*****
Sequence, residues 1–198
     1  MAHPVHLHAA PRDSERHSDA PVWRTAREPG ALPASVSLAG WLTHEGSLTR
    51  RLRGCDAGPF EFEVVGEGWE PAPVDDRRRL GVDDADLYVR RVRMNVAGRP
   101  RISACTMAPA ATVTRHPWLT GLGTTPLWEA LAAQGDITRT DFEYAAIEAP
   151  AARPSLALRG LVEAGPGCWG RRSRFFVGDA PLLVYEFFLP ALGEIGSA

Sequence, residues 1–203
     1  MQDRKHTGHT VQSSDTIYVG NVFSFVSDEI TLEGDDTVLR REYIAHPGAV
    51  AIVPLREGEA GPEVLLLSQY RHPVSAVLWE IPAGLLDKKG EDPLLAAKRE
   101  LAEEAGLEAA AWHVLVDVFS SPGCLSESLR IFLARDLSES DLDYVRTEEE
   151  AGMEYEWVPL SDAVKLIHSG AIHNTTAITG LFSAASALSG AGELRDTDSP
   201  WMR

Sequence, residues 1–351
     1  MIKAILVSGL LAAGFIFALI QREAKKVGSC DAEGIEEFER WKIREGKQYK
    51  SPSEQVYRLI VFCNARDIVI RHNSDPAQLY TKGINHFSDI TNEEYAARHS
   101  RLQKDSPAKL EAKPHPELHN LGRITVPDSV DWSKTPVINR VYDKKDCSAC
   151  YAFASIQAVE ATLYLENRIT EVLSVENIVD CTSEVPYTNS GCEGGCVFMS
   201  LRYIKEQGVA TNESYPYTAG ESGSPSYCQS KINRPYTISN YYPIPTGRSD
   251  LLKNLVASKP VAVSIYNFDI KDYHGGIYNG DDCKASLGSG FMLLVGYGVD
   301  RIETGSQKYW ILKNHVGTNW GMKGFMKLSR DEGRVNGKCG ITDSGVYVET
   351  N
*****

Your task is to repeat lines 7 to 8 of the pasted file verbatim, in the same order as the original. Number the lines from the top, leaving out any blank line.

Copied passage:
     1  MQDRKHTGHT VQSSDTIYVG NVFSFVSDEI TLEGDDTVLR REYIAHPGAV
    51  AIVPLREGEA GPEVLLLSQY RHPVSAVLWE IPAGLLDKKG EDPLLAAKRE